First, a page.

CRIME: New Mafia Killer: A Silenced .22

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The FBI had a surprise for urban and suburban dwellers fending off muggers, sluggers and druggers when it announced that for the first time in four years, the U.S. crime rate has not increased. The number of violent crimes in 1976 actually declined by 5%.

Now for the bad news:

It seems improbable that a brotherhood as violent as the Mafia is becoming still more savage. It also seems unlikely that teams of professional hit men armed with silencer-equipped .22-cal. automatic pistols are roaming the land, with at least 20 "executions" to their credit in the past two years. Finally, it seems unthinkable that the case of the .22 hits could be a direct challenge by the Mob to the U.S. Government.

But the FBI fears all this is true, with good reason. Two of the victims were FBI informants. Four others were potential prosecution witnesses. Two of the killings — five months apart — were committed with the same gun. Says an FBI agent: "Keeping a murder gun is risky business. The Mafia has a reason for doing that. They're giving us a message."

Mafia Hot Line. Detective fiction has it that the .22-cal. pistol with its tiny one-ounce slug is a gnat swatter, at its worst a woman's weapon snatched from a purse to dispatch an errant lover. No self-respecting all-pro killer would carry one. The facts, however, are otherwise. The CIA has long preferred the .22. The agency's predecessor, the Office of Strategic Services, developed a silencer-equipped Hi-Standard .22-cal. automatic pistol during World War II. It turned out to be the only production-model handgun that can be effectively silenced, and it has been the favorite of spooks ever since. Now, says the FBI, the .22 has found new fans.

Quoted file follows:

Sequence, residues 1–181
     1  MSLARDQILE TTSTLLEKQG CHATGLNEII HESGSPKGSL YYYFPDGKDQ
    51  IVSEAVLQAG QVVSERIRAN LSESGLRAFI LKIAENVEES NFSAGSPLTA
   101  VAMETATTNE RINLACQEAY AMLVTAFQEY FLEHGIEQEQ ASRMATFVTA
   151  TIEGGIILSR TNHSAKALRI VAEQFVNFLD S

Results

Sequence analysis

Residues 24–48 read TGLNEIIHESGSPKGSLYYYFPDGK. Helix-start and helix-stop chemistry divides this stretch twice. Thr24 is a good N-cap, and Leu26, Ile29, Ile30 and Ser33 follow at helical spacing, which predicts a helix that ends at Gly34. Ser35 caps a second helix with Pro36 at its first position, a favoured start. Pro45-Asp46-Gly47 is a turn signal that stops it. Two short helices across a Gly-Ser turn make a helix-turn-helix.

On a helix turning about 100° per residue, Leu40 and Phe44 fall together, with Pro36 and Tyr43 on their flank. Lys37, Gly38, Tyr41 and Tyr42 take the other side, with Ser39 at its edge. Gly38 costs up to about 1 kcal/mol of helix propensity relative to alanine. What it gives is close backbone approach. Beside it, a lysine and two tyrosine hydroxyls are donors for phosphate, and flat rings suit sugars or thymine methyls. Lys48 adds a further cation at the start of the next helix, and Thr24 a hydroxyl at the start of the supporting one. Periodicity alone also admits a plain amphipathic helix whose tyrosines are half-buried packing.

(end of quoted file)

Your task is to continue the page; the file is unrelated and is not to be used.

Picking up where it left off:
The Mob's change in execution methods is exemplified by February's killing of Mafia Consigliere Frank ("Bomp") Bompensiero, 71. Shortly before 8 p.m. on Feb. 10, Bomp walked from his San Diego home to a nearby public telephone booth, which he used as an office in order to avoid wiretaps. In his pocket was a notebook containing coded balance sheets of loan-shark usury payments and lists of coded phone numbers. The numbers turned out to be those of other public telephones scattered through California and Nevada. The phones constitute a West Coast Mafia hot-line system.

At designated hours on specified days, Bomp would call a San Francisco number to chat with a sidekick named Jimmy Fratianno; at other times he would dial a Las Vegas booth for messages from Tony Spilotro, a Chicago gang heavyweight. He also received calls at the booth. A Mafia member for 40 years, Bomp was a consequential figure in the Mob hierarchy. He was also an informant for the FBI, the highest-placed Mafioso in that role.

Popping Noise. The FBI has no idea whom Bompensiero telephoned that night, but they know one of his callers fingered him for execution. The old man was an easy target. As he walked away from the phone booth toward his home, he was dropped by a .22-cal. slug that entered his neck near the spine. The coup de grâce was a second shot near the right ear. No shots were heard.

When the body was found, the notebook was missing.

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